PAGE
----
The Ledger: Satoshi Nakamoto unmasked

This week brought us more juicy crypto stories, many of which have broader implications for the industry as a whole. For a start, Craig Wright was officially confirmed as the original Bitcoin (BTC) creator, as per a court case ruling.

Wright had to defend his legacy and legitimacy as the original creator of the world’s most famous currency after numerous critics dismissed the claim as pompous and narcissistic, the exact opposite of Satoshi Nakamoto, the nickname Wright picked for himself back when he first released the Bitcoin Whitepaper.

Even though the ruling is in, the crypto community is not really sure Wright is the man, or if he is the man, he seems to have failed to live up to people’s expectations. But it doesn’t matter, because BTC is here, and it has changed the world.

So much, that the Central Intelligence Agency is now working on a variety of cryptocurrency projects, some designed to understand the tech better and others designed to crack down on threats from abroad. All of this comes in the broader context of people pushing for more crypto regulation.

Thailand, a country that wants to promote crypto tourism, has had its central bank warn commercial banks off crypto tech in general. Meanwhile, Australia is now expediting six proposals that have to do directly with cryptocurrencies as there seems to be a growing momentum for the tech in the country.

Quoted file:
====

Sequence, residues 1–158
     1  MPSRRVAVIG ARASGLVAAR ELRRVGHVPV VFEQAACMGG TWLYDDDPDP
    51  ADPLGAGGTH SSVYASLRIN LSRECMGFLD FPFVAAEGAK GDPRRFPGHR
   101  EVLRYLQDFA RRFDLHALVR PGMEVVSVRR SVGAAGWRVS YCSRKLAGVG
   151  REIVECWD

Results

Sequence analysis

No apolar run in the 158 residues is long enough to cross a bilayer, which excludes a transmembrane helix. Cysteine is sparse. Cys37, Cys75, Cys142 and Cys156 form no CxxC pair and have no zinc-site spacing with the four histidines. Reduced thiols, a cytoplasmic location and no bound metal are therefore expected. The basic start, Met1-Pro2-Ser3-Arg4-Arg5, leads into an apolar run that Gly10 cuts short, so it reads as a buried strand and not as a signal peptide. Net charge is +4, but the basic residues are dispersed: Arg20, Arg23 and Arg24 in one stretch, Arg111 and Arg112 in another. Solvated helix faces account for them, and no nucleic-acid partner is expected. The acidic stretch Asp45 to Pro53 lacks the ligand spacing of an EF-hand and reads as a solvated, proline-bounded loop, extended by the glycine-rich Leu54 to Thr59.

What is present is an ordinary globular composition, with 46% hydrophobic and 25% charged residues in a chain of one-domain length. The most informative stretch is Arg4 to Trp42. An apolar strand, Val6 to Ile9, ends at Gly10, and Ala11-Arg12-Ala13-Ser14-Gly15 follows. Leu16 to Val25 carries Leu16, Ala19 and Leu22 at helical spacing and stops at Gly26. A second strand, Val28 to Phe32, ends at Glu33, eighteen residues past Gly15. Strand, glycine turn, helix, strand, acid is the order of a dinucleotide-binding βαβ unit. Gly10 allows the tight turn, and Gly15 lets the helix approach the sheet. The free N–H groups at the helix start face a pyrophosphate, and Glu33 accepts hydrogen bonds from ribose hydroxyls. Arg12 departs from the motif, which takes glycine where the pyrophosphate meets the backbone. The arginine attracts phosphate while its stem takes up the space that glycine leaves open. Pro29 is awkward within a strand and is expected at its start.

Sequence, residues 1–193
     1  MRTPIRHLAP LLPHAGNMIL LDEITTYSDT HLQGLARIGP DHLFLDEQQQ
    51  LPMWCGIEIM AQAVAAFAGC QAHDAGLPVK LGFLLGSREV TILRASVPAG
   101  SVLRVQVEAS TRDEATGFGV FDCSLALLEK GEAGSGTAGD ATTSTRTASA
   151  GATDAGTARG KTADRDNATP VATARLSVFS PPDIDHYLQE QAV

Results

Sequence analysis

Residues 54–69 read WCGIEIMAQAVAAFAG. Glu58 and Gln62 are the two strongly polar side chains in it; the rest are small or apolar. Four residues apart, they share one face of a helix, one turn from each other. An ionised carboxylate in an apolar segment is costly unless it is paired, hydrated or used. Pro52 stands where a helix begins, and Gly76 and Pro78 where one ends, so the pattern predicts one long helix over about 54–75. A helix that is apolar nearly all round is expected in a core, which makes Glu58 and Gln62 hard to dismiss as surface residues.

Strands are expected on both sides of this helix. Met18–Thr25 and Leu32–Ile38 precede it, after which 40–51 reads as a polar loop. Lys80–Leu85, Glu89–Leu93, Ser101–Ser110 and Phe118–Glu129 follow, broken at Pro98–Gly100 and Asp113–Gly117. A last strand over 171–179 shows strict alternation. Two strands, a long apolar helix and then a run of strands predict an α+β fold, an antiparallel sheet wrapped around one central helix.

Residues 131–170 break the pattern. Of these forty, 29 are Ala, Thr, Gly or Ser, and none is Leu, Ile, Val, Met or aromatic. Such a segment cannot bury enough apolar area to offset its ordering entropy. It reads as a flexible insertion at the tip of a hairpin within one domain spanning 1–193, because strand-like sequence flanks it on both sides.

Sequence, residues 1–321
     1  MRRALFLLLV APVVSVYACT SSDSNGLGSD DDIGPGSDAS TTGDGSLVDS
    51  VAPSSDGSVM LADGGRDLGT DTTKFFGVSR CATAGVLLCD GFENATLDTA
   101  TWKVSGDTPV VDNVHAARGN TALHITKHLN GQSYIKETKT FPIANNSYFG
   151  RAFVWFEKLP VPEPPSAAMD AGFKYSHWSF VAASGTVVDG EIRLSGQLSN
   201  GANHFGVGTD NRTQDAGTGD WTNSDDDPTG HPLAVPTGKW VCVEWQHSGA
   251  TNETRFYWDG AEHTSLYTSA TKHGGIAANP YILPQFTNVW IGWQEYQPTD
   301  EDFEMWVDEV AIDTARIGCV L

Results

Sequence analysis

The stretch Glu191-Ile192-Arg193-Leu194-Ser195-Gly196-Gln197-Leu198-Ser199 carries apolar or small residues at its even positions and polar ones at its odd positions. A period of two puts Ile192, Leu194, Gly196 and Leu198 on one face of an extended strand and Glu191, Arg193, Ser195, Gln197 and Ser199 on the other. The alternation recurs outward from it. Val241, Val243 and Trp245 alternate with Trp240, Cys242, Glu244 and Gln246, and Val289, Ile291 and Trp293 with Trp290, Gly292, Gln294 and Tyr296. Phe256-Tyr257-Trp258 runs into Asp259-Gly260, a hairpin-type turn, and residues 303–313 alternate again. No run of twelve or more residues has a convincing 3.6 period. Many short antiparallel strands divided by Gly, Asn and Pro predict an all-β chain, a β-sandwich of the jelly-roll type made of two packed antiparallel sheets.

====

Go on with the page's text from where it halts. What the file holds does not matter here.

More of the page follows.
Speaking of Australia, it seems that investment by women in the country has increased exponentially in 2021, specifically insofar as the crypto sector goes. This means that as regulators bicker over the legitimacy of crypto, we are seeing more consumers adopting it.

The biggest story of the week, though, is probably the one about Bitmart. The project got hit with a hack that supposedly first stole $150m of player funds but it ended up resulting in $196m of consumer losses. Unsurprisingly, many users took to Twitter and social media to express their frustration.

However, Bitmart is bucking the trend and has confirmed that it will be repaying all affected consumers out of pocket.

Crypto does have its risks, and Warren Buffett’s right-hand man, Charlie Munger, is actually happy whenever the crypto industry is targeted by governments. Earlier this week, Munger expressed his appreciation and support of the Chinese ban on crypto, calling it the right way forward.

Meanwhile, Reddit is expanding its involvement with crypto. The Community Points will be extended to more consumers and more subreddits, with Redditors eventually able to convert those community points into real currency.

To top the week off, it seems that crypto executives keep talking legislators ear off in the US, with more meetings set up by industry representatives and senators.

Looking for your next crypto casino? Check out: Bitcasino, or FortuneJack.

Written by Alex


Alex is a well-rounded crypto writer who focuses on general market and legal developments. His main interest lies in how crypto gaming can become a more permanent part of the gaming landscape and how blockchain holds benefits to players they are not even aware of.

Similar News

The Ledger: Davos, FTX ramifications, and exchanges still in...


The World Economic Forum was dominated by finance, politics, and the growing role that cryptocurrencies play in finance today. Crypto...

The Ledger: Nexo faces pressure in Bulgaria, Coinbase cuts...


Nexo, another beleaguered cryptocurrency exchange, ran into yet more trouble this week, as Bulgarian authorities raided its offices in Sofia,...

The Ledger: SBF makes first court appearance as sector...


Welcome back! If this week’s news is anything to go by, 2023 is set to be as era defining for...